CORBA Object Lifecycle

CORBA does not have the concept of distinct client and server applications. An application may both make and receive CORBA method calls. When it makes CORBA method calls it is behaving as a ‘client’. When it receives CORBA method calls it is behaving as a ’server’.

The four kinds of CORBA object.

Client Side

Object_Reference semantically equivalent to a C++ pointer to the servant object. Actually refers to the Proxy object in the client’s ORB.

Created from an IOR (which may be read from the naming service), directly by a call to servant->_this(), or from the result of a CORBA method call. Destroyed when it goes out of scope.

Proxy_Object implements a CORBA interface, as defined in an IDL. However, the proxy does not contain application code. Instead it reponds to message calls by locating the actual CORBA object across the network (or perhaps within the same application) and passing on the call to that object.

Implicitly created by CORBA when an Object Reference is created. The Proxy object maintains a count of the number of Object References IN THIS EXECUTABLE that currently point to it. When the reference count drops to zero, the Proxy is automatically destroyed.

Server Side

Transient Objects

Transient objects live short lives that end when their owning POA is destroyed. Transient objects’ IORs should not be listed in the naming service, as they will quickly become out-of-date.

CORBA_Object created by and owned by the server’s default POA. Owns a pointer to the C++ Servant object. The IOR uniquely ‘names’ a CORBA Object. The Object receives CORBA messages from a Proxy, and converts it into a method call to the Servant.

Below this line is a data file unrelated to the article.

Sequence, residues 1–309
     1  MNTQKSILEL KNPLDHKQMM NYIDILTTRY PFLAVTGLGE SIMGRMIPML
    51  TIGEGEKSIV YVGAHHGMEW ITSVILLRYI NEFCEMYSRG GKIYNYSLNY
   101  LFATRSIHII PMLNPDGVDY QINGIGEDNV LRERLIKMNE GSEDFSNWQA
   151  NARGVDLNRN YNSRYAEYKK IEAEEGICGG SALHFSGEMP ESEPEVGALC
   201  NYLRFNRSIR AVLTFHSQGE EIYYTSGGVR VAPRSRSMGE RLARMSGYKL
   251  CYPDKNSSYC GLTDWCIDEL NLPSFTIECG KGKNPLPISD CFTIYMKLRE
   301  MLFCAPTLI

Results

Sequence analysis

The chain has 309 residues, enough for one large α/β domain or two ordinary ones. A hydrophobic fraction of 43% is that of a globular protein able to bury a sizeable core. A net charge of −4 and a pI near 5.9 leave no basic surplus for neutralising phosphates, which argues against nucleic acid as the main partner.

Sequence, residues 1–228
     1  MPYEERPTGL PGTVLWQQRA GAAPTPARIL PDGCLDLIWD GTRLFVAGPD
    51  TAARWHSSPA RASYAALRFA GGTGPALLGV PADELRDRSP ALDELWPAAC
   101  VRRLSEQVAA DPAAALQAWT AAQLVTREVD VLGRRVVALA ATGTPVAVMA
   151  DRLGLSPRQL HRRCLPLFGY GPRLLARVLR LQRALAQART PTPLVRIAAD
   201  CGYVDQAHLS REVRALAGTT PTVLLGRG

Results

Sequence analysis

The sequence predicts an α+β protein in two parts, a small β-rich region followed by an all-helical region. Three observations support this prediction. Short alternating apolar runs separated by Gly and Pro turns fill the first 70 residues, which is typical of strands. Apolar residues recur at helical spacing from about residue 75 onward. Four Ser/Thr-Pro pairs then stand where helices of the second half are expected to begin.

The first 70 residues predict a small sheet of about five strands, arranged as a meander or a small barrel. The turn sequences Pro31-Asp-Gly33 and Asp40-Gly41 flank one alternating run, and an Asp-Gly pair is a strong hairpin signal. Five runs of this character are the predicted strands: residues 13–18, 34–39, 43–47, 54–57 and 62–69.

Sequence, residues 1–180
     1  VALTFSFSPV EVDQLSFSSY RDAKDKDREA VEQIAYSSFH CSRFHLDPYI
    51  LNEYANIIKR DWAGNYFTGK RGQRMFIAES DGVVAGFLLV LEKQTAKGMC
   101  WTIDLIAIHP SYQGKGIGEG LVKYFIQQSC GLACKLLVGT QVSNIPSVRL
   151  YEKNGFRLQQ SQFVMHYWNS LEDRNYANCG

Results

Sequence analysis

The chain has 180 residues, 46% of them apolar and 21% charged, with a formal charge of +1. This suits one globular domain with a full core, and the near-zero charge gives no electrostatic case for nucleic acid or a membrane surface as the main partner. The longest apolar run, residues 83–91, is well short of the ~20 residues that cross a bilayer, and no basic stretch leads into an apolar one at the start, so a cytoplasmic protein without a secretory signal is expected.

Created when a servant object is activated in the POA. The best way to do this is just to call servantPtr->_this(). When the servant is not activated, _this() creates the transient Object in the default POA as an implicit side-effect.

Destroyed when the parent POA is destroyed (e.g. at ORB shutdown) or explicitly, by a call to poa->deactivate_object(objectId).

Servant implements the interface defined in the IDL file. Called by the CORBA object when method invokations come in from the ORB.

Created by the user by calling C++ new. Initially, new Servants are not connected to an Object. Once _this() has been called, the relationship is established and continues for the lifetime of the CORBA object.

Servants should inherit from the base class RefCountServantBase, and have private destructors. Once the servant’s Object has been activated in the POA, the reference count should be decremented, this hands ownership of the Servant to the CORBA Object. Destroy the Servant by deactivating its Object in the POA.

Examples: XmlDocument::destroy(), SupplierImpl::destroy()

Persistent Objects

Persistent objects are CORBA Objects that may outlive their POA. Objects that are registered in the naming service should usually be persistent. The activation of persistent objects is a little different from transient objects, but clean-up is identical. The Servant class should inherit from RefCountServantBase, and each instance should decrement its reference count once it has been activated.

Persistent Objects must be given an explicit object ID, you cannot just use the default made-up by the POA. Make an Object ID

ObjectIdvar oid = stringtoObjectId("MyObject");

and then activate the servant with a call to:


The default POA will not accept this call, you must create a new POA with the following policies:

IdAssignmentPolicy = USER
LifespanPolicy = PERSISTENT

Finally, an application that contains persistent objects must be started on the same port each time. OmniORB provides the following option to explicitly set the server port:

> myapp -ORBendPoint giop:tcp::1234

starts myapp on port 1234 (all local interfaces).


    // Create a child POA, with a different policy.
    PortableServer::IdAssignmentPolicy_var iap=
    PortableServer::LifespanPolicy_var      lp=

    CORBA::PolicyList policyList;

    PortableServer::POA_var poa =
        "child", // adapter name

    // Make a new Servant
    ExampleImpl* myExample =new Example_i();
    // Make an object ID.
    PortableServer::ObjectId_var myExample_iid =

    // Activate the object

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  1. Thomas said,

    9 December, 2011 @ 09:41

    Helpful summary not only for OMNIOrb users.

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